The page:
What is the correct way to free memory in C#

1.If I have something like Foo o = new Foo(); inside the method, does that mean that each time the timer ticks, I'm creating a new object and a new reference to that object?


2.If I have string foo = null and then I just put something temporal in foo, is it the same as above?

If you are asking if the behavior is the same then yes.

3.Does the garbage collector ever delete the object and the reference or objects are continually created and stay in memory?

The memory used by those objects is most certainly collected after the references are deemed to be unused.

4.If I just declare Foo o; and not point it to any instance, isn't that disposed when the method ends?

No, since no object was created then there is no object to collect (dispose is not the right word).

5.If I want to ensure that everything is deleted, what is the best way of doing it

If the object's class implements IDisposable then you certainly want to greedily call Dispose as soon as possible. The using keyword makes this easier because it calls Dispose automatically in an exception-safe way.

Other than that there really is nothing else you need to do except to stop using the object. If the reference is a local variable then when it goes out of scope it will be eligible for collection.1 If it is a class level variable then you may need to assign null to it to make it eligible before the containing class is eligible.

1This is technically incorrect (or at least a little misleading). An object can be eligible for collection long before it goes out of scope. The CLR is optimized to collect memory when it detects that a reference is no longer used. In extreme cases the CLR can collect an object even while one of its methods is still executing!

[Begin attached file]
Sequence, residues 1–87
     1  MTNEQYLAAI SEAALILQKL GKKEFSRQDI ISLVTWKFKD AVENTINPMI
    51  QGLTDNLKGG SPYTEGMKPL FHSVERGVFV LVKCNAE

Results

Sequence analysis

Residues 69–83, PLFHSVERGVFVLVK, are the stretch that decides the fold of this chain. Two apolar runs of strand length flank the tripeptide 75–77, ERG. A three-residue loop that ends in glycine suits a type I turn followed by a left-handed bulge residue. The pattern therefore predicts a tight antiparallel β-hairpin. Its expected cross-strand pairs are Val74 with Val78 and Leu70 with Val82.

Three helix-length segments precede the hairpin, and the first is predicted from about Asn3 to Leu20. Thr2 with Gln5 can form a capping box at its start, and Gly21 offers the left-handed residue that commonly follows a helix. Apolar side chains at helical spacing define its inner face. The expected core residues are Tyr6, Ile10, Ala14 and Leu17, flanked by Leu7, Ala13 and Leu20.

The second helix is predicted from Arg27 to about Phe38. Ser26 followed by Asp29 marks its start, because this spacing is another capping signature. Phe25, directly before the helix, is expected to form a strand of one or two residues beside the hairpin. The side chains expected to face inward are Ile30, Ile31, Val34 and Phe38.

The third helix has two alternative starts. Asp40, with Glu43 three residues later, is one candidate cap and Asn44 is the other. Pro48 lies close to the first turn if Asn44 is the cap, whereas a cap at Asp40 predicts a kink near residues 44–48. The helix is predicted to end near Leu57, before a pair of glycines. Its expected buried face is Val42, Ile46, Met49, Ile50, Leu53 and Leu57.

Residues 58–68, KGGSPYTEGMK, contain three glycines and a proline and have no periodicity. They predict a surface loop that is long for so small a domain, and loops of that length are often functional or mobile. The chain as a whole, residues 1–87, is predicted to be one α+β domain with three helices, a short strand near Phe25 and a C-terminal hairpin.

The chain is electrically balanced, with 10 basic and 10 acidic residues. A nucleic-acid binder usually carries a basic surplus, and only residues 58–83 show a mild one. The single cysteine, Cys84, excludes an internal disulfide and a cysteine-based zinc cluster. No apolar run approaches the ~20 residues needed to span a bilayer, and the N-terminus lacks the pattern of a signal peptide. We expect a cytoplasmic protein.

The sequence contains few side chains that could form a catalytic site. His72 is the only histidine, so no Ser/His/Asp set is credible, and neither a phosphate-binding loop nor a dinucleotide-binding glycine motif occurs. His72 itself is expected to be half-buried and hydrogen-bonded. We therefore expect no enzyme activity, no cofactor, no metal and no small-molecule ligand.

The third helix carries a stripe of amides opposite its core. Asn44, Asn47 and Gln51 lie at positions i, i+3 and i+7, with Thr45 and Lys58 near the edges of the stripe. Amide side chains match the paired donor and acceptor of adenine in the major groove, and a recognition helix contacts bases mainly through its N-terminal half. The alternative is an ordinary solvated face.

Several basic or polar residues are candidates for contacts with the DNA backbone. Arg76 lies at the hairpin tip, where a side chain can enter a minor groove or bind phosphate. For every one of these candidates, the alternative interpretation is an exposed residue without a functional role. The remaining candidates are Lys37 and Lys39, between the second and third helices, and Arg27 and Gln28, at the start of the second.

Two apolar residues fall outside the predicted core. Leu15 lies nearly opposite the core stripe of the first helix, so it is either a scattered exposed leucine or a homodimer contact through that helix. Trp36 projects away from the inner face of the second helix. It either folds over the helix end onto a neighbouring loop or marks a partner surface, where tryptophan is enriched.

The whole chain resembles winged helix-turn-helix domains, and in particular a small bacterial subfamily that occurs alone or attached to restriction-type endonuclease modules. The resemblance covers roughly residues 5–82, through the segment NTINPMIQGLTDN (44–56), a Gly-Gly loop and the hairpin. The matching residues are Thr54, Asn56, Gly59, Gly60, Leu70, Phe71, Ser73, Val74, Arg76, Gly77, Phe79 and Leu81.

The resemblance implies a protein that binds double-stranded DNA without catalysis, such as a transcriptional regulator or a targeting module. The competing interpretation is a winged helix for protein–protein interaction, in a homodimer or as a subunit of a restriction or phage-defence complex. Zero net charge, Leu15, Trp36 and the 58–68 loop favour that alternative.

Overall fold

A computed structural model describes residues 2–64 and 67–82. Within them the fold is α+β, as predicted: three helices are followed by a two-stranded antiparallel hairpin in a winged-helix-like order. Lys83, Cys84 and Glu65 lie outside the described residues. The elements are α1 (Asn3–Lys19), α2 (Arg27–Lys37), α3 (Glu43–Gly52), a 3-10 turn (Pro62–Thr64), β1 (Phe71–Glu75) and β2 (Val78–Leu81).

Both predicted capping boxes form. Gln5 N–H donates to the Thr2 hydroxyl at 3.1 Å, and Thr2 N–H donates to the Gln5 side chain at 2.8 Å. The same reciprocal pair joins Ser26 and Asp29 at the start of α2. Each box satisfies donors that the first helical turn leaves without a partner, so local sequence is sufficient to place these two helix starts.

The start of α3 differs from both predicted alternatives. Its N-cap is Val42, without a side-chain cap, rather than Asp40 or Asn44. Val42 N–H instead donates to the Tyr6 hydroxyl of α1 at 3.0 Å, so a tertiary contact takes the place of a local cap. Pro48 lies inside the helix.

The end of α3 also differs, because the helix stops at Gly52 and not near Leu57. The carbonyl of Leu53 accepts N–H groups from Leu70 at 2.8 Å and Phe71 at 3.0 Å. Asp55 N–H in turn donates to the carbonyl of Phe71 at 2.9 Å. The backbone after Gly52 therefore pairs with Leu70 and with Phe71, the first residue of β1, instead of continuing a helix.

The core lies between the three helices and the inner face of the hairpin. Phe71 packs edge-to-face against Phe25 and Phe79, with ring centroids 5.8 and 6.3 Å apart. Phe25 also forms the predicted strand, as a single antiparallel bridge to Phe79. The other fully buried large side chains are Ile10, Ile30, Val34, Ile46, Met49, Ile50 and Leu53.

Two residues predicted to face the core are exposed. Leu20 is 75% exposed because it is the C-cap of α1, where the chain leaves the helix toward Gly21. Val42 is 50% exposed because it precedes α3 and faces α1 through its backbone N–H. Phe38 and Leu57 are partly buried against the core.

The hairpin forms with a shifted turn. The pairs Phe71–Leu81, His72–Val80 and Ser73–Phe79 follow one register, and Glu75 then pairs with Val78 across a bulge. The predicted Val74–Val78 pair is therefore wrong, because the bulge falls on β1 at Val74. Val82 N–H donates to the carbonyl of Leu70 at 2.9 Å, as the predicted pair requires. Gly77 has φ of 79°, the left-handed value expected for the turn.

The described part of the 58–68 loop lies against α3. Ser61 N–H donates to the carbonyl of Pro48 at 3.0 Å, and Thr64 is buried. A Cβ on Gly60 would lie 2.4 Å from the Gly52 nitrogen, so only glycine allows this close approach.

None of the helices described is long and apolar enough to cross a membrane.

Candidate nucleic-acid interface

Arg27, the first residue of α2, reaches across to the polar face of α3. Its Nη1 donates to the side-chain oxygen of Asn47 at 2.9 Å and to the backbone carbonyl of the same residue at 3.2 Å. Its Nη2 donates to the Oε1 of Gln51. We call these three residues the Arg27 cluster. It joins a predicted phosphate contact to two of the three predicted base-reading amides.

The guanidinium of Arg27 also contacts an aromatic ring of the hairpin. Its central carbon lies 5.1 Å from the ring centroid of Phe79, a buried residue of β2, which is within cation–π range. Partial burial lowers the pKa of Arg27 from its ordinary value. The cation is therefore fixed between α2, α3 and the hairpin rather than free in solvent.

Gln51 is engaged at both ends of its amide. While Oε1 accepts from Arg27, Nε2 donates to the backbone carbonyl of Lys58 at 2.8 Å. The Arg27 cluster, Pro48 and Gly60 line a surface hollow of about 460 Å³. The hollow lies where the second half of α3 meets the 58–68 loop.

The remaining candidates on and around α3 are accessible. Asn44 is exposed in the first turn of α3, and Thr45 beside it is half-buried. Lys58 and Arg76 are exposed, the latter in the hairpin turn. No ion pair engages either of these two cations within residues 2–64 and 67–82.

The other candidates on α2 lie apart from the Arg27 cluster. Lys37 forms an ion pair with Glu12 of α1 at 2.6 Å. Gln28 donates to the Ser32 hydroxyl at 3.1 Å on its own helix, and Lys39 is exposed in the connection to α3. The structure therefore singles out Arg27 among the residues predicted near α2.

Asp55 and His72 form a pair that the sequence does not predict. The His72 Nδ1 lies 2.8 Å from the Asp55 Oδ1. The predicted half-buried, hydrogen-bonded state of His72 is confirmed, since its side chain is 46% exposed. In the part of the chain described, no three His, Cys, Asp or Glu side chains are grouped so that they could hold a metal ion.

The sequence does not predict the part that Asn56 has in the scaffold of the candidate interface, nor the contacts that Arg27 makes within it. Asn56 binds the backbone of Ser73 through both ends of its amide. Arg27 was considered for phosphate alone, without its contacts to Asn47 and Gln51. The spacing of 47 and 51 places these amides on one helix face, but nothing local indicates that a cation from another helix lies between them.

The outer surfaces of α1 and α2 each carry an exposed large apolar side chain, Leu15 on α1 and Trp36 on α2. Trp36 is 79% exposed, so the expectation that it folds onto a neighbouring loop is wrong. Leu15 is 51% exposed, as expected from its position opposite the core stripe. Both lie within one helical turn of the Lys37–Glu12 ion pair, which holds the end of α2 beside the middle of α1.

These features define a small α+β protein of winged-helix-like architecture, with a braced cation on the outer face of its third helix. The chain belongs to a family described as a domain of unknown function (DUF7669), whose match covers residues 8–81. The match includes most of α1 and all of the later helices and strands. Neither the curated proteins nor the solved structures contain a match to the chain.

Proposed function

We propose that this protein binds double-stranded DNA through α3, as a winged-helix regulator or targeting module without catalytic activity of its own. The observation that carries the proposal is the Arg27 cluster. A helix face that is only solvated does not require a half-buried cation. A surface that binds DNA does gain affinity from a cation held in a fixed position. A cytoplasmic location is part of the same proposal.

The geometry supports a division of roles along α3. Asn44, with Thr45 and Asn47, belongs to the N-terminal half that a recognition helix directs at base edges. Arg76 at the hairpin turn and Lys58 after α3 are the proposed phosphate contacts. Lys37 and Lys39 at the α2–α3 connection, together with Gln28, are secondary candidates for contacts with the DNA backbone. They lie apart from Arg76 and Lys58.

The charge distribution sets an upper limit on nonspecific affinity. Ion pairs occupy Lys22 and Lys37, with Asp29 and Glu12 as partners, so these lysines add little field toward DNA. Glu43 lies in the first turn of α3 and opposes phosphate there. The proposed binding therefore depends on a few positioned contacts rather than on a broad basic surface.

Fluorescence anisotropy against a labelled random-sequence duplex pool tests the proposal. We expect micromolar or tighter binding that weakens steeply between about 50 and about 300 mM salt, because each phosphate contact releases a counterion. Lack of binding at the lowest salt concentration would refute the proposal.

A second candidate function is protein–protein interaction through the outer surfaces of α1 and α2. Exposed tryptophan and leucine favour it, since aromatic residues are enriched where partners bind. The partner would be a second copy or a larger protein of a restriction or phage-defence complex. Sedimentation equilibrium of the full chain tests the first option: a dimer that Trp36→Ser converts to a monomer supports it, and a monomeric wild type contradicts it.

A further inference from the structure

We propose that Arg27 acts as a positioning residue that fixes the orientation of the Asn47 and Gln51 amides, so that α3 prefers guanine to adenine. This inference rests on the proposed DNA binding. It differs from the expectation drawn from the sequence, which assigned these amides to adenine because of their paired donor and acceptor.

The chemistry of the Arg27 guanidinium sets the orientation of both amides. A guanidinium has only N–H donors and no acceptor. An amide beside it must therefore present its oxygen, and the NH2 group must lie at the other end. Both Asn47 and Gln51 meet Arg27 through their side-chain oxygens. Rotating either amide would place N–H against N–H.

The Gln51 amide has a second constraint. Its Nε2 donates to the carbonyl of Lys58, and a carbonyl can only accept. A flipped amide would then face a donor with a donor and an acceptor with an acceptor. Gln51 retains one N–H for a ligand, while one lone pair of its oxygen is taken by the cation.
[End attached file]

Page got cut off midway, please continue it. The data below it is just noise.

Here is an example that demonstrates that the GC will collect objects even though they may still be in-scope. You have to compile a Release build and run this outside of the debugger.

static void Main(string[] args)
    Console.WriteLine("Before allocation");
    var bo = new BigObject();
    Console.WriteLine("After allocation");
    // The object is technically in-scope here which means it must still be rooted.

private class BigObject
    private byte[] LotsOfMemory = new byte[Int32.MaxValue / 4];

    public BigObject()


    public void SomeMethod()
        Console.WriteLine("Begin SomeMethod");
        Console.WriteLine("End SomeMethod");

On my machine the finalizer is run while SomeMethod is still executing!

The .NET garbage collector takes care of all this for you.

It is able to determine when objects are no longer referenced and will (eventually) free the memory that had been allocated to them.

Objects are eligable for garbage collection once they go out of scope become unreachable (thanks ben!). The memory won't be freed unless the garbage collector believes you are running out of memory.

For managed resources, the garbage collector will know when this is, and you don't need to do anything.

For unmanaged resources (such as connections to databases or opened files) the garbage collector has no way of knowing how much memory they are consuming, and that is why you need to free them manually (using dispose, or much better still the using block)

If objects are not being freed, either you have plenty of memory left and there is no need, or you are maintaining a reference to them in your application, and therefore the garbage collector will not free them (in case you actually use this reference you maintained)